My Early Retirement SEPP 72t IRA Ends: How It Worked Out

My last SEPP 72t IRA payment was just delivered. I now close the door on government control over my early retirement funding. For the last 7.75 years I had IRA penalty free withdrawals using what the IRS calls substantially equal periodic payments (SEPP). I thought I would share how the IRA did from its original funding to its last payment to me.

I think this could be of interest whether anyone is considering a SEPP 72t approach to early retirement funding or not. It gives a glimpse into the impacts of investment allocation, a bad investment, and what a rigid withdrawal rate has on an IRA over several years of retirement funding.

SEPP 72t IRA Basics

The SEPP 72t is an IRS rule that allows someone to make pre-age 59 ½ withdrawals from an IRA without having to pay the early withdrawal 10% penalty. Only your normal income taxes would apply.

The IRS 72t rule dictates the withdrawal amount. It is based on current bond interests rates, your age and your life expectancy at the time of beginning the 72t. The idea is that your IRA would survive long enough to fund your retirement for your lifetime.

There are 3 IRS approved withdrawal methods and you can make one withdrawal method change during the life of the SEPP 72t.

The 72t payments must run its course once began for the longer of 5 years or you reaching age 59 ½. In my case the run-time was to age 59 ½, making my 72t in play for 7 years and 9 months to complete my 72t run-time rule obligation.

Run afoul of their rules and the IRS will assess the 10% IRA early withdrawal penalty back to the very first SEPP 72t payment you received plus applicable interest. That applies even if the IRA fails before meeting the obligated run-time length rules. Careful investment allocation is advised so that a market crash doesn’t send the 72t IRA into funding default.

It is for these reasons I used a CFP to set up and manage my 72t IRA. It is advisable to not lockup all of your retirement IRA funds in a SEPP 72t. Always hold some of your retirement portfolio separate from the 72t.


My SEPP 72t IRA Details

My SEPP 72t began February 2010. At that time the IRS allowed 72t interest rate was around 3.5% to use in the SEPP calculation.

Looking today at the allowable set interest rate to use online on the calculator, it seems the interest rate to use is 2.4% for December 2017 and estimated to be 2.54% for January 2018. The approved interest rate changes as bond rates reset.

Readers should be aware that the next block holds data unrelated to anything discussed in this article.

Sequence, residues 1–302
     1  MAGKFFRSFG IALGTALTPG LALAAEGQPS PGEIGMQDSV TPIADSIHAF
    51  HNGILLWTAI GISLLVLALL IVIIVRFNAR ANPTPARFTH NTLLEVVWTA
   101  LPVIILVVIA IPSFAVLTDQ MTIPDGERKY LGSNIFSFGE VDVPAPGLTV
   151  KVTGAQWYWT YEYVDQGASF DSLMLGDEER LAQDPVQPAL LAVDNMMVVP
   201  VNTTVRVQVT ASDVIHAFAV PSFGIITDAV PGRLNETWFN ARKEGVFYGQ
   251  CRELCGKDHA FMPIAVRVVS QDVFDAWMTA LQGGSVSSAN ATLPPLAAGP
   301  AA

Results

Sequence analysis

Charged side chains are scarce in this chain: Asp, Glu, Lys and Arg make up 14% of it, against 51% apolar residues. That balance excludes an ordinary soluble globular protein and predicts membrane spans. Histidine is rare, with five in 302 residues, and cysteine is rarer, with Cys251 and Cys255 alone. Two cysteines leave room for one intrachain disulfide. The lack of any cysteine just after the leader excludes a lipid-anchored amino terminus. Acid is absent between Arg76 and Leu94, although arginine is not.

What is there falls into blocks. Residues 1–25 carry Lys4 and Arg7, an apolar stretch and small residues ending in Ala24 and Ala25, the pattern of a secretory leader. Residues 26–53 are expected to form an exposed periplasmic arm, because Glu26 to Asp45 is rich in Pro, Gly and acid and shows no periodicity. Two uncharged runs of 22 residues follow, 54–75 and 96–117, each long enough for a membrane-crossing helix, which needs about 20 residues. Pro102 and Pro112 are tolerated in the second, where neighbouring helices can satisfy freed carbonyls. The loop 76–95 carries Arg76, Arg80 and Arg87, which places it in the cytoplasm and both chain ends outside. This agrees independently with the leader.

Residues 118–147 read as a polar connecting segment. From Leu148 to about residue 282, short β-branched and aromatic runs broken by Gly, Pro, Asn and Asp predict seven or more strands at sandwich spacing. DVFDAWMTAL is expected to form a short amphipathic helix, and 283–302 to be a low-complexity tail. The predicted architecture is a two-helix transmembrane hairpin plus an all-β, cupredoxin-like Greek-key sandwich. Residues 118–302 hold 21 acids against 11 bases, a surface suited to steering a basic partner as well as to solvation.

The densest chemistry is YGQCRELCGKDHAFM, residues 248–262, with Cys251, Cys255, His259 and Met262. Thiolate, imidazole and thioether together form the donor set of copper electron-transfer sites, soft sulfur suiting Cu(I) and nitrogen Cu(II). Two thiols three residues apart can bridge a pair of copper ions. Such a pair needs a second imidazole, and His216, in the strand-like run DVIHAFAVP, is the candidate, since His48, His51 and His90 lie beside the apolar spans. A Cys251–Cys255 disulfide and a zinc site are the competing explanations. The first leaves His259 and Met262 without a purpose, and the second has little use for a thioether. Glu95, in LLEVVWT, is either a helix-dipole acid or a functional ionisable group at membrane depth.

72t IRA Balance Details

My SEPP 72t began Feb 2010 and ran until Nov 2017 = Obligated run-time 7 years, 9 Months.

72t IRA Beginning balance – $665,000

72t IRA Ending balance – $586,528

The 72t IRA Amounts Paid Out During IRS Obligated SEPP Timeline

72t IRA Early Retirement Income Paid – $260K

72t IRA CFP Fees (estimated) – $39K

Total Amount 72t paid out = $299K

Figuring Out The 72t IRA Results

The first observation is that the 72t IRA is down $78,472  (11.8%) from my initial investment. That may seem odd given the run-up in the stock market since February 2010 to now. There are a couple of issues that I believe addresses this result.

One of my investments (highlighted below) took a 40% dump. This represented a large part of the SEPP 72t IRA $78,472 deficiency when only looking at the beginning and ending totals.

The SEPP 72t withdrawal calculation used a bond interest rate of 3.5% within its algorithm. Bond rates were higher at that time than they are now. This resulted with what was a 5% withdrawal rate of the total funding SEPP IRA. There was no yearly inflation adjustments but this is still far higher than the well discussed 4% safe retirement withdrawal rate. That 4% rate is now challenged as being too aggressive as a safe withdrawal rate. A 5% withdrawal rate clearly has an impact on the portfolio.

The SEPP IRA was conservatively invested and designed to chase yield. It did not benefit as much as it could have had there been more stock exposure. This was done purposely. The rest of my portfolio outside of the SEPP 72t IRA was invested heavier in stocks. The overall portfolio was considered for an appropriate investment allocation when looking at stock to bond and international to US investment ratios. This was also done to avoid 72t default in the event of a stock market downturn.